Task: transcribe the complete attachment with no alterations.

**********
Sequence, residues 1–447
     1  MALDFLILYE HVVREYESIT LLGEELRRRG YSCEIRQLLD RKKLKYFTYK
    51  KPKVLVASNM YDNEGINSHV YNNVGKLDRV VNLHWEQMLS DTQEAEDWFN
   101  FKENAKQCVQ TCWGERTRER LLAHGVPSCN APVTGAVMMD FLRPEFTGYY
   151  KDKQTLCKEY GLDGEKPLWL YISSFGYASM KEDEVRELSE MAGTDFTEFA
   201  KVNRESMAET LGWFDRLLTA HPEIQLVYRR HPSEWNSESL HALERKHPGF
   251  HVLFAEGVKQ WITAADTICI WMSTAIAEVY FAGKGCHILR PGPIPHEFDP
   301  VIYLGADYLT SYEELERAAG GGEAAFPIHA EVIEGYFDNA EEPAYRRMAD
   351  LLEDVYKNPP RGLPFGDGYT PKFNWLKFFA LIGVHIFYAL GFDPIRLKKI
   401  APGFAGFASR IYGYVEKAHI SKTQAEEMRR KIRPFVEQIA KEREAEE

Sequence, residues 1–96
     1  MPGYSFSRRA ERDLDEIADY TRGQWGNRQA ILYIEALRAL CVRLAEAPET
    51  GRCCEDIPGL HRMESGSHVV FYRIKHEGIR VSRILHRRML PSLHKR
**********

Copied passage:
Sequence, residues 1–447
     1  MALDFLILYE HVVREYESIT LLGEELRRRG YSCEIRQLLD RKKLKYFTYK
    51  KPKVLVASNM YDNEGINSHV YNNVGKLDRV VNLHWEQMLS DTQEAEDWFN
   101  FKENAKQCVQ TCWGERTRER LLAHGVPSCN APVTGAVMMD FLRPEFTGYY
   151  KDKQTLCKEY GLDGEKPLWL YISSFGYASM KEDEVRELSE MAGTDFTEFA
   201  KVNRESMAET LGWFDRLLTA HPEIQLVYRR HPSEWNSESL HALERKHPGF
   251  HVLFAEGVKQ WITAADTICI WMSTAIAEVY FAGKGCHILR PGPIPHEFDP
   301  VIYLGADYLT SYEELERAAG GGEAAFPIHA EVIEGYFDNA EEPAYRRMAD
   351  LLEDVYKNPP RGLPFGDGYT PKFNWLKFFA LIGVHIFYAL GFDPIRLKKI
   401  APGFAGFASR IYGYVEKAHI SKTQAEEMRR KIRPFVEQIA KEREAEE

Sequence, residues 1–96
     1  MPGYSFSRRA ERDLDEIADY TRGQWGNRQA ILYIEALRAL CVRLAEAPET
    51  GRCCEDIPGL HRMESGSHVV FYRIKHEGIR VSRILHRRML PSLHKR